Need to codify parliamentary privileges

We have a written Constitution which we have amended it about 86 times. Yet, there is no codification of the privileges and powers of the parliamentarians and we have to look to the British House of Commons for guidelines. Britain has an unwritten Constitution. Since ours is a written Constitution, there is no point in leaving this grey area to vagueness.

As to why the legislators have not codified their own privileges is best answered by the celebrated Lok Sabha Speaker A. S. Ayyanagar in the Journal of Parliamentary Affairs (Vol VI 1960): “Priviliges can be codified by law, and when this law is made then it will be subservient to the Fundamental Rights and shall be subjected to scrutiny as contemplated under Art. 13 (2) which could be, wherever necessary, struck down by the Supreme Court. According to Mr Ayyangar, the legislature does not seem to be prepared to be subservient to judicial review. Therefore, the cat is out of the bag that legislatures (including Parliament) do not want to curtail their hitherto unlimited powers and privileges.

The law is same for citizens and legislators. Hence, the Supreme Court should once and for all decide this knotty problem and advice by a direction to codify the powers and privileges under Articles 105 and 194 of the Constitution.

dr devinder singh, Advocate, Amritsar



November 7, 2003 is the blackest day in the history of Indian journalism for it was on this day that the Tamil Nadu government chose to swoop down on The Hindu, one of the oldest and most reputed newspapers. The government’s ill-conceived and atrocious action is utterly untenable and indefensible. It was an act of vengeance, aimed at gagging and silencing a relentless crusader fighting against evil, intolerance and injustice.

Apparently, the powers that be at Chennai’s Fort St. George resort to browbeating, fascist and terror tactics to suppress the voice of dissent and stifle the freedom of Press. They seem to ignore the fact that the Fourth Estate, together with judiciary, executive and legislature, constitute the four pillars of democracy. In today’s world, the media plays a crucial role in safeguarding, protecting and preserving a vibrant democratic polity. Pen, after all, is mightier than sword. An unfettered and vigilant Press is an indispensable instrument to ensure the smooth and effective functioning of a just and people-centric system of governance.

wg-Cdr a.n.b. pillai (retd), Chennai


Apropos of the editorial “Amma’s ammunition” (Nov 10), when a despotic and vengeful politician moves on the vendetta as Ms Jayalalithaa has often been doing, it clearly shows that she has been blinded by an excessive and undeserved adulation of her sycophants. Ever since she succeeded in bypassing, postponing and dropping of corruption cases against her, she has displayed little respect for the constitutional norms and proprieties. Ms Jayalalithaa is using the legislative privileges as a weapon to stifle all criticism of her style of governance.

Notwithstanding the Supreme Court’s stay on the execution of imprisonment awarded to the Editor of The Hindu and others by the Tamil Nadu Assembly, the question is whether our politicians can be restrained from making such a misuse of their “brute majority” in the House. If a legislature, by sheer coincidence of majority of a political party, can gag the freedom of the Press, where does the common man go for his simple rights of freedom of speech and independence of opinion? Where does he hope to get redressal against such infringements of the basic necessities of democratic existence?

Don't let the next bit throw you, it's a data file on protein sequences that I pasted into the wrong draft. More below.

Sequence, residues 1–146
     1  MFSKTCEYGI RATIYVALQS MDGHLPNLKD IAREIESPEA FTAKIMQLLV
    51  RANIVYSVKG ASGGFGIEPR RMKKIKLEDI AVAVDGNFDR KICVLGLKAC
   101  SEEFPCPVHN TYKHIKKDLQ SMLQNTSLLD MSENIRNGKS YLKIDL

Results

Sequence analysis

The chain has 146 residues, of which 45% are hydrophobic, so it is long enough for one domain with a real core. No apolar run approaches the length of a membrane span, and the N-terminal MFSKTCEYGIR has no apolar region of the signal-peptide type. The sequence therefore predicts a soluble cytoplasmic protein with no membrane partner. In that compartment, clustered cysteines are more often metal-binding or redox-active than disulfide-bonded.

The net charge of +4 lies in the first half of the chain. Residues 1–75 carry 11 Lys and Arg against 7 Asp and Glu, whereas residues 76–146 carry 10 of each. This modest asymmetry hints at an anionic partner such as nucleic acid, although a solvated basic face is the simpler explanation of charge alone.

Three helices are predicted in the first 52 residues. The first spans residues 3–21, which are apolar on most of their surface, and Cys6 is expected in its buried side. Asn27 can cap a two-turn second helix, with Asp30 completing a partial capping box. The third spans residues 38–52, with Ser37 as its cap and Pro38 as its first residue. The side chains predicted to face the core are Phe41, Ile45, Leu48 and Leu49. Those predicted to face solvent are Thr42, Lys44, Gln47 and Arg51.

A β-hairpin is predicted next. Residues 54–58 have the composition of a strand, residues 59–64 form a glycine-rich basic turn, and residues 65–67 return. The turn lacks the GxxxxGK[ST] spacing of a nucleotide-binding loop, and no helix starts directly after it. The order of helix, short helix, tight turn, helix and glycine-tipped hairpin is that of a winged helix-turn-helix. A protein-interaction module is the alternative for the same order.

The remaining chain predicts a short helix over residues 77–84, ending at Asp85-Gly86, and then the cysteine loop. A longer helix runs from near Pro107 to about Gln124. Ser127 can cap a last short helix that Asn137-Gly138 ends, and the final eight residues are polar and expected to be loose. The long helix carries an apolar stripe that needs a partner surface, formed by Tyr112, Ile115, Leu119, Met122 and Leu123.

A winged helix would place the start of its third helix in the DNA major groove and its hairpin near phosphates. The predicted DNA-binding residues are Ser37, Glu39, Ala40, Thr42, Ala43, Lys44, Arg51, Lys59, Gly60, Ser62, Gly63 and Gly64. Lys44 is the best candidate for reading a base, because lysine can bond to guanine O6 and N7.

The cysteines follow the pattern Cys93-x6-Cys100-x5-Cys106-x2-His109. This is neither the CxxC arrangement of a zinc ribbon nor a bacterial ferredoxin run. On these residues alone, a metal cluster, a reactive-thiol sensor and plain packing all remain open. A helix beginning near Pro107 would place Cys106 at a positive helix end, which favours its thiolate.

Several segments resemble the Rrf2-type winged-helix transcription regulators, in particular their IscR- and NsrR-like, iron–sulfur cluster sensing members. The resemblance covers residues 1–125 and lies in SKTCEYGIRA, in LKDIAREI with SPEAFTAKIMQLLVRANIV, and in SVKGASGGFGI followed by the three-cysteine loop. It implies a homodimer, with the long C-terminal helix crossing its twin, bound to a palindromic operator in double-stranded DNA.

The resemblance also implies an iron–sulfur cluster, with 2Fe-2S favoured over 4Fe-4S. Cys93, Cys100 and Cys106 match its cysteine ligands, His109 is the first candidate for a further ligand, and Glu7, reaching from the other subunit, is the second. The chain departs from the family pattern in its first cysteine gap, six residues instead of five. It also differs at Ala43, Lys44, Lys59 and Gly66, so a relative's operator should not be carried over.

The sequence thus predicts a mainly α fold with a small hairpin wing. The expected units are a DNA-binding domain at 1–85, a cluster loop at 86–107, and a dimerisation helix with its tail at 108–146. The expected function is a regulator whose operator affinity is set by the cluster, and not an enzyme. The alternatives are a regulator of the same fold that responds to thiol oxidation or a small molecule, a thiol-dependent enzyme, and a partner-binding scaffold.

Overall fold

ved guliani, Hisar


The action of the Tamil Nadu Assembly against the editorial staff of The Hindu is highly deplorable and uncalled for. It deserves to be pooh-poohed nationally and internationally in the harshest terms for it is an deliberate attempt to muzzle the freedom the Press. The move is unprecedented in the history of democratic India.

The media exposes the misdeeds of the offenders with relentless efforts which invariably invites the wrath of those exposed. Democracy draws its sustenance from media persons who have great penchant for information to serve the people and the nation. We, the democrats of 21st century, are trying to gag the voice of free Press when 200 years ago Napolean Bonaparte feared the Press most when he said, “I can face the cannon but fear the Press.”

karnail singh, Ranjit Singh Dam

Traffic cops only for VVIPs?

It appears that the Chandigarh Traffic Police are only for the protection of VVIPs and their children. The road in front of Vivek High School in Sector 38 is literally out of bounds from 7.30 am to 9.15 am and 12.30 pm to 2.15 pm with the presence of large posse of police stopping the residents from using it and causing inconvenience to the general public. Suddenly, the one-way sign has sprung up near Gurdwara and near the front gate of the school. The reason given was safeguarding the school children from traffic hazard.

So far so good but very close to Vivek School are two more schools — Stepping Stones and Government School which don’t have the luxury of the Traffic Police directing the traffic there. Are the lives of children studying in Government School or other schools less precious than those studying in Vivek School?

Before experimenting with any new traffic management scheme, due attention should be paid to the overall good of the residents and the general public.


Stamp duty cut

The decision on cut in stamp duty from 6 per cent to 5 per cent on purchase of property etc is yet to be implemented by the Sub-Registrar, Chandigarh. He has not yet received any notification. Senior citizens are very much worried. Early notification of the reduction in duty is requested.

RAM MURTI, Vice-President, Senior Citizens Council, Chandigarh


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